Police told Champaign City Council members on Tuesday night that they have set up better ways to target offenders and help victims of domestic violence, one of the most frequent calls for service that officers receive.
CHAMPAIGN — Police told Champaign City Council members on Tuesday night that they have set up better ways to target offenders and help victims of domestic violence, one of the most frequent calls for service that officers receive.
Champaign police responded to more than 1,100 domestic violence calls in both 2011 and 2012, said Lt. Dave Shaffer, and that's why the department has put more focus on targeting domestic violence.
The Champaign department has begun working with local groups and given extra training to patrol officers, said Lt. Tod Myers, including reviews of the Domestic Violence Act and bringing in representatives from the Center for Women in Transition to brief officers at the beginning of their shifts.
"We were bringing everybody up to speed, getting everybody on the same page," Myers said.
Those briefings at the beginning of officers' shifts can reinforce the effect domestic violence can have on victims, Myers said.
The department has started working closely with the Champaign County state's attorney's office, too. Upon deeper analysis of the hundreds of domestic violence calls, Myers said, it was discovered that 88 offenders are responsible for a large percentage of the violence.
Now, a Champaign County prosecutor will review each domestic violence case and charge those repeat offenders.
"That's huge for us because that's a one-call communication that we can go to," Myers said.
Police have also worked with the Center for Women in Transition to prepare resource packets which they plan to give to victims when they arrive on a domestic violence call.
Billboards and bus boards have gone up around the city to raise awareness and remind everyone that domestic violence can affect everyone.
"We thought this was a great opportunity to reach as many people as possible," Myers said. "We can put it on the bus; we can put it on the billboards."
Shaffer said it is important that those meetings with community groups continue into the future. Police also have plans to add on to what they are already doing, including putting into place a "lethality assessment protocol," which is a series of standardized questions officers can ask a victim to determine whether that person is in a particularly high-risk situation.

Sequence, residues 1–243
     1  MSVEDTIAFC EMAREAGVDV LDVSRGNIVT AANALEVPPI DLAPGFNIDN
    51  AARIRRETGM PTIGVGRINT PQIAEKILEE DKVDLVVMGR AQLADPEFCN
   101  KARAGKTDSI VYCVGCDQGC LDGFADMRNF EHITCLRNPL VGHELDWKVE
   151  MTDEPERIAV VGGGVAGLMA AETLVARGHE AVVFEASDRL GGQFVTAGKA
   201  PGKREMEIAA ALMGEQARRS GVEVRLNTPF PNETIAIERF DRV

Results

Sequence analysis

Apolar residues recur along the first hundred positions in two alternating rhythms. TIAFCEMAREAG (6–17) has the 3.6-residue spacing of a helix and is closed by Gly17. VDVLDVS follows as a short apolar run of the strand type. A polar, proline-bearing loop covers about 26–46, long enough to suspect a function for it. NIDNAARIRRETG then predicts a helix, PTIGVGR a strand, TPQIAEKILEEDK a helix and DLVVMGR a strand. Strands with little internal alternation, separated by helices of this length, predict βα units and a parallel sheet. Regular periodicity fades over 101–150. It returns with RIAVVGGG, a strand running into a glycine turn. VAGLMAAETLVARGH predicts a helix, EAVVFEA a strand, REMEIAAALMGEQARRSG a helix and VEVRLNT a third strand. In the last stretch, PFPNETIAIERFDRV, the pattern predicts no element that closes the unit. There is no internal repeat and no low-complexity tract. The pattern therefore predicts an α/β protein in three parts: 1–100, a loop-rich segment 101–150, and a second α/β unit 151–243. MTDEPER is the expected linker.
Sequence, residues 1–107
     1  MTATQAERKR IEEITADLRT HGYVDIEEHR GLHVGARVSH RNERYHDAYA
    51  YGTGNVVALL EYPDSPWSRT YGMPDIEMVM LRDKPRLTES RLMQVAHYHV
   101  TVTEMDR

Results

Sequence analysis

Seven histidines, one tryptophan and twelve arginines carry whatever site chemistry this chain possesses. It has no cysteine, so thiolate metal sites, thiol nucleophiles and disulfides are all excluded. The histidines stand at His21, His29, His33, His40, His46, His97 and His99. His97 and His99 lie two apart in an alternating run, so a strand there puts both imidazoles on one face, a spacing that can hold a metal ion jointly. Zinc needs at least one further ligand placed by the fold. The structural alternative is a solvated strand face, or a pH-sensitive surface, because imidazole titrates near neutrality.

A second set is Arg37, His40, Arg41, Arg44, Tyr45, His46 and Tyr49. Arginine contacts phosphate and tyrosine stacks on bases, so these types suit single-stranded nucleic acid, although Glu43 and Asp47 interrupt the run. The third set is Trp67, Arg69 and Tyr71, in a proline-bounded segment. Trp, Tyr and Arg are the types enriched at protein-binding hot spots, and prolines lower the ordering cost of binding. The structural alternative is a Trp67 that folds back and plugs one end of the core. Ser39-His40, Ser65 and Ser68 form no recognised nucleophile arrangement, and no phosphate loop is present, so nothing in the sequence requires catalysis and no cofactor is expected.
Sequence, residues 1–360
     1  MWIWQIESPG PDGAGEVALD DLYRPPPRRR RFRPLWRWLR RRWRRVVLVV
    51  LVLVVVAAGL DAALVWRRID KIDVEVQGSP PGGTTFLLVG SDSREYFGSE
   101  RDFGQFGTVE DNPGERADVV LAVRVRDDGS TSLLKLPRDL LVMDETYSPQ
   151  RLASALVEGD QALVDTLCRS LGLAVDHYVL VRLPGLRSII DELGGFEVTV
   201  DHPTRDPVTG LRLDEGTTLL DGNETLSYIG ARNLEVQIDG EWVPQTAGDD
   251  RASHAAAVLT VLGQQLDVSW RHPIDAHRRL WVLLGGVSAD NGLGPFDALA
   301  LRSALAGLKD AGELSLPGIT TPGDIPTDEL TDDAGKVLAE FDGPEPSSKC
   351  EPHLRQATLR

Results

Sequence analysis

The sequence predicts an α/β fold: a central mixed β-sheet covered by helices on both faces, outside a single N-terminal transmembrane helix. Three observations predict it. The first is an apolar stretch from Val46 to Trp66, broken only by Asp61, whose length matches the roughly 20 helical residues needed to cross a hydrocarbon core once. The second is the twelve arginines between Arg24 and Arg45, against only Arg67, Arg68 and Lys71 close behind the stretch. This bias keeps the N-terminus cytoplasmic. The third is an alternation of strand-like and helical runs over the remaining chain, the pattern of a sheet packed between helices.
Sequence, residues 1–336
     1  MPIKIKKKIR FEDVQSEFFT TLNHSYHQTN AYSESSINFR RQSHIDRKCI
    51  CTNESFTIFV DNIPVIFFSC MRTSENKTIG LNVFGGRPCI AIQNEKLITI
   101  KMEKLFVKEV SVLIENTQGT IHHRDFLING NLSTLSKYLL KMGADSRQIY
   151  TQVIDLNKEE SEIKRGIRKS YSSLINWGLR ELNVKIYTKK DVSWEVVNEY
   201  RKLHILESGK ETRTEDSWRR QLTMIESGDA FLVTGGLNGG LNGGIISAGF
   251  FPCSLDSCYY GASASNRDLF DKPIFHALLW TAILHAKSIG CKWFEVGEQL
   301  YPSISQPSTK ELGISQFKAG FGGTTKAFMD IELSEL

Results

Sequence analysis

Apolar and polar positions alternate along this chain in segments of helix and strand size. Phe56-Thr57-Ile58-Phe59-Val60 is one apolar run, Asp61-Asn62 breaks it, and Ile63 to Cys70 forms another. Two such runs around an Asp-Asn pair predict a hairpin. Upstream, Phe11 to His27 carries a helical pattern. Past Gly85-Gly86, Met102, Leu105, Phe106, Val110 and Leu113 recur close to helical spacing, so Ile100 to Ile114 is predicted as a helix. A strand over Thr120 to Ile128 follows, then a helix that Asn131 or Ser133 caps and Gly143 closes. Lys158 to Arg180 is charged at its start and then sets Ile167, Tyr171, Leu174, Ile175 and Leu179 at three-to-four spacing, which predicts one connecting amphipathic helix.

Shaffer said Champaign police also hope to make their efforts available to other Champaign County law enforcement agencies.
Council member Karen Foster said the department's efforts to target a problem and reduce harm in advance is "key."
"That shows compassion," Foster said. "That shows a sign that the officers are trying to work on domestic violence in our community."
Council member Tom Bruno said he appreciated the extra efforts, adding that kind of "creativity" can probably be applied to different kinds of "social ills" the community faces — driving under the influence, drug abuse and theft, for example.
"Arrests are necessary, but we're not going to arrest our way out of the problem," Bruno said.
Police on Tuesday night presented to the city council a number of initiatives they have put in place recently, including increased social media efforts and an alternative method to addressing bicycle safety.
Lt. Jim Clark said bicyclists who commit traffic violations now have an option on their first offense to complete a bicycle safety quiz instead of receiving a traffic ticket. Traffic tickets for bicyclists count against their driving record and potentially car insurance rates just as they would if the bicyclist were driving a car.
The program began in August. Clark said police caught some heat for giving traffic tickets to bicyclists before the safety-quiz option was in place, but the new program has been well-received.
Only one person, Martel Miller, gave public comment during Tuesday night's session — a contrast from recent years when city council meetings regarding the Champaign Police Department have often been an airing of grievances for the public. Mayor Don Gerard said that was indication of positive strides the department has made.
Miller said the police department has "stepped up" recently under its new police chief and command staff.